The working title of this film was Thumbs Up . Although Eddie Bracken's character is listed as "Jimmy Webster" in the CBCS, he is called "Johnny" in the film. As noted in the Var review, the picture features comic portrayals of various Paramount studio executives, including Walter Abel as "B. G. DeSoto," who is modeled after executive producer B. G. DeSylva, and Edward Fielding as "Y. Frank Freemont," who is modeled after studio vice-president Y. Frank Freeman. According to information in the Paramount Collection at the AMPAS Library, Paramount paid Arthur Ross and Fred Saidy for the rights to two sketches written for the musical revue Rally 'Round the Girls , which was produced in Hollywood in Mar 1942. The Paramount Collection also indicates that William Watson, Frank Tuttle, Lewis Allen and Paul Weatherwax assisted in the direction of this film; however, the scope of their contributions to the completed film has not been determined.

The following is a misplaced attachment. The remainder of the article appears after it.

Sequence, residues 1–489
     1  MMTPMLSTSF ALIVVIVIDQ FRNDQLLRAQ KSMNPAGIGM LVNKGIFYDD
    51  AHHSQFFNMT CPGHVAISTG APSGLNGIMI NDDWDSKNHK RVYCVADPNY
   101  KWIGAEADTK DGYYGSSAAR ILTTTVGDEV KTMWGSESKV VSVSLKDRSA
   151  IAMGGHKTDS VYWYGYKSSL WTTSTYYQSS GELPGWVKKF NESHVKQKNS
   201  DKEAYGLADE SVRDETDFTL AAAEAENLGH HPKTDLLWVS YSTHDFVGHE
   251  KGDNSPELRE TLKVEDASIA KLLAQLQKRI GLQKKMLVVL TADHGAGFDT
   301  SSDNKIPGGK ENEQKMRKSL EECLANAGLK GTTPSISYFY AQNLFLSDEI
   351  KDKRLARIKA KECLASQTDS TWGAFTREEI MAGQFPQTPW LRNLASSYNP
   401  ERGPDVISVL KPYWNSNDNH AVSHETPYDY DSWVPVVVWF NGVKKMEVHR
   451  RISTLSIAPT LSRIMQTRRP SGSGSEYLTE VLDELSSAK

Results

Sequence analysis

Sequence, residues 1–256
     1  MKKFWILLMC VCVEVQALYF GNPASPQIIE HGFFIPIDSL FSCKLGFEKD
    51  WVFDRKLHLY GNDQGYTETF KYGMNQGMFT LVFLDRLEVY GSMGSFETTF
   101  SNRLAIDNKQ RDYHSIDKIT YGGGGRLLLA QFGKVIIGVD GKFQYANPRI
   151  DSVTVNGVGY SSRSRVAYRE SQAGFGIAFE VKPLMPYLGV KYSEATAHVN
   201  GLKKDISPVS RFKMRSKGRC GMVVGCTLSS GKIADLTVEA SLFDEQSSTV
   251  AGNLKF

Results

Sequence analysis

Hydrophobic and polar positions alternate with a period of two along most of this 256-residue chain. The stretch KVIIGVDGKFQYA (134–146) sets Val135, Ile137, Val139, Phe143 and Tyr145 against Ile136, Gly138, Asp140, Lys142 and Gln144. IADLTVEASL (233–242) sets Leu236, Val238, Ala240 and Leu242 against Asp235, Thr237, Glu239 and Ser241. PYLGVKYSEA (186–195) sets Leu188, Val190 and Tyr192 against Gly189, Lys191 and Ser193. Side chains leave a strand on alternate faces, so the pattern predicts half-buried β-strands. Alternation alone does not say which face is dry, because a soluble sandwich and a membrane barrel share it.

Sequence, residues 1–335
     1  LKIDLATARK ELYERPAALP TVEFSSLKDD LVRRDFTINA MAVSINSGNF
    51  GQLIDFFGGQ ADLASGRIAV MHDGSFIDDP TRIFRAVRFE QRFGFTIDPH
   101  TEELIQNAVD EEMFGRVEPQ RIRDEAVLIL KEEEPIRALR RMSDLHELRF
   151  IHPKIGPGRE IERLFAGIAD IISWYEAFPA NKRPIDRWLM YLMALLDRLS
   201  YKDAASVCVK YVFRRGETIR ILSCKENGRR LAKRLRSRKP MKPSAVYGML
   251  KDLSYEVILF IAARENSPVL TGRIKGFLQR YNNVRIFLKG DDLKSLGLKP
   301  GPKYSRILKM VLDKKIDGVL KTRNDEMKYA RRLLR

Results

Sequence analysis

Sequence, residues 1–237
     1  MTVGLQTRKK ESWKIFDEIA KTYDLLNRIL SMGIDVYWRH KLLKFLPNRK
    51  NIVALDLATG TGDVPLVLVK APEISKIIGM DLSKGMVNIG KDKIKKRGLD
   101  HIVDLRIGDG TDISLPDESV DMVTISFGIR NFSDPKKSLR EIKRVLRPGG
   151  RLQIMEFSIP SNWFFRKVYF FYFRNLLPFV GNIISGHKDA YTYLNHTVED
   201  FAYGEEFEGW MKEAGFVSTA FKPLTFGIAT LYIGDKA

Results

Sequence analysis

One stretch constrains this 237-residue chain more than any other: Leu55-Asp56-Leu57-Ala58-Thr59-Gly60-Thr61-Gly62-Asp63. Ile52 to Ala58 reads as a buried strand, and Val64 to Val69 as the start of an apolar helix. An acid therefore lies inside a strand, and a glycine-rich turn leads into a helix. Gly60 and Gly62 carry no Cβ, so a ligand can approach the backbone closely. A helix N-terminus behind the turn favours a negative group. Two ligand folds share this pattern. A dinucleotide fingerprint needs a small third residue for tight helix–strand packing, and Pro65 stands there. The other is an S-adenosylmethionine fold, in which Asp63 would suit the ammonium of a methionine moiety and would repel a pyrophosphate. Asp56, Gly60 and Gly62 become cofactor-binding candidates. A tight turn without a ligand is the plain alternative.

HR news items reported the following about the production: René Clair was slated to direct the "That Old Black Magic" number, but was unavailable at the time. This film marks the feature film debut of Bing Crosby's son Gary. Some "sketches" in Star Spangled Rhythm were originally written by Arthur Ross and Fred Saidy for an unproduced musical titled Rally Round the Girls . The film's final cost was $1,127,989. News items in 1943 reported that Max Aronson , better known as "Broncho Billy," filed a $900,000 lawsuit against Paramount for using the "Broncho Billy" name. Aronson, who was renowned as one of the first motion picture stars and creator of the Western character "Broncho Billy," protested that Paramount was portraying him as a "washed-up and broken-down actor." The final outcome of this lawsuit has not been determined. Actor Tom Dugan, who briefly portrays "Hitler" in the musical revue in this film, also portrays an actor playing Adolf Hitler in United Artists' film To Be or Not to Be (see below). This film was nominated for Academy Awards for Best Song ("That Old Black Magic") and Best Scoring of a Musical Picture. More Less